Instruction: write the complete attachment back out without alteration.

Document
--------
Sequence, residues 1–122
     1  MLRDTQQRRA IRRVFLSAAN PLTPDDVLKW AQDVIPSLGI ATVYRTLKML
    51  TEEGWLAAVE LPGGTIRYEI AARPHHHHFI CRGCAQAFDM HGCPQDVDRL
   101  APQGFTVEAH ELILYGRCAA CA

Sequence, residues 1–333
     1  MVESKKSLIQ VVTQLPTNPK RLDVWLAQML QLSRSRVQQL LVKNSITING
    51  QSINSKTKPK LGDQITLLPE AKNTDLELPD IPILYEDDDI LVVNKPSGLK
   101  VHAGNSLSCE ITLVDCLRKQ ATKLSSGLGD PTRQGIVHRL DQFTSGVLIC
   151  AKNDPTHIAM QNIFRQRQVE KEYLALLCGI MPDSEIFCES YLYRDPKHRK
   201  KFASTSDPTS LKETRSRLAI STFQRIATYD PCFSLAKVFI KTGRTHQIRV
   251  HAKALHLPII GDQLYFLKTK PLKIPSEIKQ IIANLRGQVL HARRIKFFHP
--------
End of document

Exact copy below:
Sequence, residues 1–122
     1  MLRDTQQRRA IRRVFLSAAN PLTPDDVLKW AQDVIPSLGI ATVYRTLKML
    51  TEEGWLAAVE LPGGTIRYEI AARPHHHHFI CRGCAQAFDM HGCPQDVDRL
   101  APQGFTVEAH ELILYGRCAA CA

Sequence, residues 1–333
     1  MVESKKSLIQ VVTQLPTNPK RLDVWLAQML QLSRSRVQQL LVKNSITING
    51  QSINSKTKPK LGDQITLLPE AKNTDLELPD IPILYEDDDI LVVNKPSGLK
   101  VHAGNSLSCE ITLVDCLRKQ ATKLSSGLGD PTRQGIVHRL DQFTSGVLIC
   151  AKNDPTHIAM QNIFRQRQVE KEYLALLCGI MPDSEIFCES YLYRDPKHRK
   201  KFASTSDPTS LKETRSRLAI STFQRIATYD PCFSLAKVFI KTGRTHQIRV
   251  HAKALHLPII GDQLYFLKTK PLKIPSEIKQ IIANLRGQVL HARRIKFFHP